Proposition 39: Tax Treatment for Multistate Businesses.  Clean Energy and Energy Efficiency Funding.  Initiative Statute.


  • Requires multistate businesses to calculate their California income tax liability based on the percentage of their sales in California.
  • Repeals existing law giving multistate businesses an option to choose a tax liability formula that provides favorable tax treatment for businesses with property and payroll outside California.
  • Dedicates $550 million annually for five years from anticipated increase in revenue for the purpose of funding projects that create energy efficiency and clean energy jobs in California.


  • Opponents allege that Prop. 39 is effectively a $1 billion tax increase that “gives California employers another reason not to invest or hire” and that there is no accountability, with no taxpayer protections.
  • Supporters argue that Prop. 39 merely closes a tax loophole for out-of-state corporations that unfairly costs taxpayers more money.  They claim that in fact Prop. 39 “will eliminate a barrier to creating jobs in California” and specifically creates thousands of clean energy jobs.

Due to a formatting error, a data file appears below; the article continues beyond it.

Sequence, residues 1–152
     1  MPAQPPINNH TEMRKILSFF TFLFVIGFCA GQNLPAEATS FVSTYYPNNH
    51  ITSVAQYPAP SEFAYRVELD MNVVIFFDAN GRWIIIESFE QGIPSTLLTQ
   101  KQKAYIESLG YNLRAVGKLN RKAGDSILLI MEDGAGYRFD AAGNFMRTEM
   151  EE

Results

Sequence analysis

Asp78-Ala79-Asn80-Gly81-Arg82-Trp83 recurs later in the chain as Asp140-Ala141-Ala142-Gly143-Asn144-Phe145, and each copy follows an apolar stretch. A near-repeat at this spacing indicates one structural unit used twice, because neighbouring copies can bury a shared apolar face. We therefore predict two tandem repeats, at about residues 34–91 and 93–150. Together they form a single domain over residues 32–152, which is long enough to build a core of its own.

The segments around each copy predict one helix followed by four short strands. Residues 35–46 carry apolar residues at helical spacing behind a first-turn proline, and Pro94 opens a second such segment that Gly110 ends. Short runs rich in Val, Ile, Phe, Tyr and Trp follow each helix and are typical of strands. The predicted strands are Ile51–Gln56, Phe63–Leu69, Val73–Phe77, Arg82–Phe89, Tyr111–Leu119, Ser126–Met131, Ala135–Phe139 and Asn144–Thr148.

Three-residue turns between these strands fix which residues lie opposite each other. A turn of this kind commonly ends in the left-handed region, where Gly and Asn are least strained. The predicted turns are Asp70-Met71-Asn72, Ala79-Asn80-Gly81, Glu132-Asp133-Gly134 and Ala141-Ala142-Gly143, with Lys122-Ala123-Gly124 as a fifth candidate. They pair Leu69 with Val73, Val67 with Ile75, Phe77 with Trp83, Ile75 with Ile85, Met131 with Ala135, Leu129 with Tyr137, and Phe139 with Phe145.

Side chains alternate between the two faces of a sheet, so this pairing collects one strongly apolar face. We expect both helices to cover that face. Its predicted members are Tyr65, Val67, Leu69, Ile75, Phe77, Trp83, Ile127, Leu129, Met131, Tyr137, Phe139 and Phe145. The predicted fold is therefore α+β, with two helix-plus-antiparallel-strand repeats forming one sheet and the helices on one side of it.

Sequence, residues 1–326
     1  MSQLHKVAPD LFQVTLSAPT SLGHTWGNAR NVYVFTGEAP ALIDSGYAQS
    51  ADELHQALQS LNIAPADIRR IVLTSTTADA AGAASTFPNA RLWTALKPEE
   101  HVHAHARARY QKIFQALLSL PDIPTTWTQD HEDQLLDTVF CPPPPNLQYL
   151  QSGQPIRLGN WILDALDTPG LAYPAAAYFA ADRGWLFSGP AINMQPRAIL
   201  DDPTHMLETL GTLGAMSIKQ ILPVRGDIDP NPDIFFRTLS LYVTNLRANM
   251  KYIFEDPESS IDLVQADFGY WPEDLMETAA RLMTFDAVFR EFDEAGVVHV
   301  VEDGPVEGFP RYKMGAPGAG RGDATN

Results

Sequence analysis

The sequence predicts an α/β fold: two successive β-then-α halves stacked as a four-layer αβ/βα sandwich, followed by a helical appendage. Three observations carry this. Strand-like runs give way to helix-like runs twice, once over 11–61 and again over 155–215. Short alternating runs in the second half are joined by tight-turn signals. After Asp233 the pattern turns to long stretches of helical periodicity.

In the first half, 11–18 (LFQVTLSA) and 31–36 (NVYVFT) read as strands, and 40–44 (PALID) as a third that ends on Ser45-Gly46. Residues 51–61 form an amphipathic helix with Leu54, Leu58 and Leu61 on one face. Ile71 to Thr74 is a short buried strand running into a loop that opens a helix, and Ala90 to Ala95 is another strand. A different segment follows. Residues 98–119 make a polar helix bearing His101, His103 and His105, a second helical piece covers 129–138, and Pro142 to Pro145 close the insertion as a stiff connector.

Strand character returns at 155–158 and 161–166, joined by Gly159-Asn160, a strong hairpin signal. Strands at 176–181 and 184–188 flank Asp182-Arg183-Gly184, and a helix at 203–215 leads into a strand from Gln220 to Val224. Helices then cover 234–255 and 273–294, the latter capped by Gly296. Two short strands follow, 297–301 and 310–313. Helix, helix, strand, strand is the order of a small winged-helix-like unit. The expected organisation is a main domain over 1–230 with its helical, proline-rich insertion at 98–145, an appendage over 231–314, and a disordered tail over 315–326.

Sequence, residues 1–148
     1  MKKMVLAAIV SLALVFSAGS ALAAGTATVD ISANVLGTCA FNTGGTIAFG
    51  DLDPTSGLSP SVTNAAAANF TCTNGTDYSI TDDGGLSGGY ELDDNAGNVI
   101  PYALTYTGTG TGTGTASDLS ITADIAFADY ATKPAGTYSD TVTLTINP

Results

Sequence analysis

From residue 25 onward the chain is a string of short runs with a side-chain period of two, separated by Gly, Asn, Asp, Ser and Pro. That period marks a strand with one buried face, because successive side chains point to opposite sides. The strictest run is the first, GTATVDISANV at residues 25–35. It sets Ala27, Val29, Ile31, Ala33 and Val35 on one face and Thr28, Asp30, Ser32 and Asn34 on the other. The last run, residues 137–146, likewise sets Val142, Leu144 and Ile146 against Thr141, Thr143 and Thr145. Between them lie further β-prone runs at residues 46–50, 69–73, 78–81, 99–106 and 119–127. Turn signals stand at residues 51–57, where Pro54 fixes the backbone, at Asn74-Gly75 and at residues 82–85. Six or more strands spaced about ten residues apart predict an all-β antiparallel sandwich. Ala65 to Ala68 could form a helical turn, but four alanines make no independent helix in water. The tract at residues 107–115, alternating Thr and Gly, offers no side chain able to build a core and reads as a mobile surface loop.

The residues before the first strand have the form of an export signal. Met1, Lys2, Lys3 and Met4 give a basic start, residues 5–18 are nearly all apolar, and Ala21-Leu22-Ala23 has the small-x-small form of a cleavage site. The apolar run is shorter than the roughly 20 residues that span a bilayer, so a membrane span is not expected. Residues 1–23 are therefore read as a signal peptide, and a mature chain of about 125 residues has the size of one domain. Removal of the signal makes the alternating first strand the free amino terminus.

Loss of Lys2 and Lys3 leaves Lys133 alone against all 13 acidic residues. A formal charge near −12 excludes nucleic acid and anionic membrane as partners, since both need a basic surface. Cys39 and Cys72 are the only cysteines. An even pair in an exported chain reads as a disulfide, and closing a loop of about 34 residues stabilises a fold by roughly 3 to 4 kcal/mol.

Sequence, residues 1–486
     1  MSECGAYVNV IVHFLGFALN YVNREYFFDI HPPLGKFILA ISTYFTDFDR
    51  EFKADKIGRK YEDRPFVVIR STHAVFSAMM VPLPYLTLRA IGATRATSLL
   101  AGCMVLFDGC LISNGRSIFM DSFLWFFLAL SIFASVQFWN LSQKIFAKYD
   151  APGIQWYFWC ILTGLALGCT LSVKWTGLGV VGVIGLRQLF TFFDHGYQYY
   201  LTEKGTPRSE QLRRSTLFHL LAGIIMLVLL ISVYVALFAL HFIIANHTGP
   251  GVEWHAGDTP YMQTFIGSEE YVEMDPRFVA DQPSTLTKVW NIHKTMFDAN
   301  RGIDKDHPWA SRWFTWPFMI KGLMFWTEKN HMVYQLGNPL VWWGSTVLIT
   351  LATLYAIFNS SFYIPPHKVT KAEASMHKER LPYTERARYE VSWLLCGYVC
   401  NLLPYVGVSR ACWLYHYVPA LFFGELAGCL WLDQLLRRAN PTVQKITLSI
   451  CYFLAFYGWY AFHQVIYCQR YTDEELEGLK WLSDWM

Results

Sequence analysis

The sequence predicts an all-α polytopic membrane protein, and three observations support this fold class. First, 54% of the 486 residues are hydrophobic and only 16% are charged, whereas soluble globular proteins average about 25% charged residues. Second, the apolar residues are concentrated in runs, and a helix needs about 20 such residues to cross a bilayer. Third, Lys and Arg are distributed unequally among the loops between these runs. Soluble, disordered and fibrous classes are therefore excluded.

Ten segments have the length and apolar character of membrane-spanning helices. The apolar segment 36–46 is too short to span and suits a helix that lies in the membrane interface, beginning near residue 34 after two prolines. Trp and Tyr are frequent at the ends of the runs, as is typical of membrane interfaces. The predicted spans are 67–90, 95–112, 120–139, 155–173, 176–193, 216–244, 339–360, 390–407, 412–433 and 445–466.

Proposition 40: Redistricting.  State Senate Districts.  Referendum.


  • A “Yes” vote approves, and a “No” vote rejects, new State Senate districts drawn by the Citizens Redistricting Commission.
  • If the new districts are rejected, the State Senate district boundary lines will be adjusted by officials supervised by the California Supreme Court.
  • State Senate districts are revised every 10 years following the federal census.


  • There is no official argument against Proposition 40.


Oct 29
11:26 AM

Election 2012: A Guide to the Propositions (Part 2)

Below is your second installment of the Proposition summaries.  Remember that you can access the full details here: http://voterguide.sos.ca.gov/pdf/.

Proposition 34: Death Penalty.  Initiative Statute.


  • Repeals death penalty as maximum punishment for persons found guilty of murder and replaces it with life imprisonment without possibility of parole.
  • Applies retroactively to persons already sentenced to death.
  • States that persons found guilty of murder must work while in prison as prescribed by the Department of Corrections and Rehabilitation, with their wages subject to deductions to be applied to any victim restitution fines or orders against them.
  • Directs $100 million to law enforcement agencies for investigations of homicide and rape cases.